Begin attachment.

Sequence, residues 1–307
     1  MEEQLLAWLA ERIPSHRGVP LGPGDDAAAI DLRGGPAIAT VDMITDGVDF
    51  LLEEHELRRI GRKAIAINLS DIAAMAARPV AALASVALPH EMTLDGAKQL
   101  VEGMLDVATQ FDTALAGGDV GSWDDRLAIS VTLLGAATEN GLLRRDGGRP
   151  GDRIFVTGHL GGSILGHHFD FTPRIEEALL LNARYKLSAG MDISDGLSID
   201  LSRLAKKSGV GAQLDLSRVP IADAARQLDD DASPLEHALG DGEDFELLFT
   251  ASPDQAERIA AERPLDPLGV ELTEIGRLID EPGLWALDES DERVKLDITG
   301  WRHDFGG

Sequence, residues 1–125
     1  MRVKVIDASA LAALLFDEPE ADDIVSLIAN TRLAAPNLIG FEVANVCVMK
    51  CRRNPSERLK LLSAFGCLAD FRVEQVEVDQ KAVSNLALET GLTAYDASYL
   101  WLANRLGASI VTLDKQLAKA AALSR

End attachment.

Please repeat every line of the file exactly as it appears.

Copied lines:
Sequence, residues 1–307
     1  MEEQLLAWLA ERIPSHRGVP LGPGDDAAAI DLRGGPAIAT VDMITDGVDF
    51  LLEEHELRRI GRKAIAINLS DIAAMAARPV AALASVALPH EMTLDGAKQL
   101  VEGMLDVATQ FDTALAGGDV GSWDDRLAIS VTLLGAATEN GLLRRDGGRP
   151  GDRIFVTGHL GGSILGHHFD FTPRIEEALL LNARYKLSAG MDISDGLSID
   201  LSRLAKKSGV GAQLDLSRVP IADAARQLDD DASPLEHALG DGEDFELLFT
   251  ASPDQAERIA AERPLDPLGV ELTEIGRLID EPGLWALDES DERVKLDITG
   301  WRHDFGG

Sequence, residues 1–125
     1  MRVKVIDASA LAALLFDEPE ADDIVSLIAN TRLAAPNLIG FEVANVCVMK
    51  CRRNPSERLK LLSAFGCLAD FRVEQVEVDQ KAVSNLALET GLTAYDASYL
   101  WLANRLGASI VTLDKQLAKA AALSR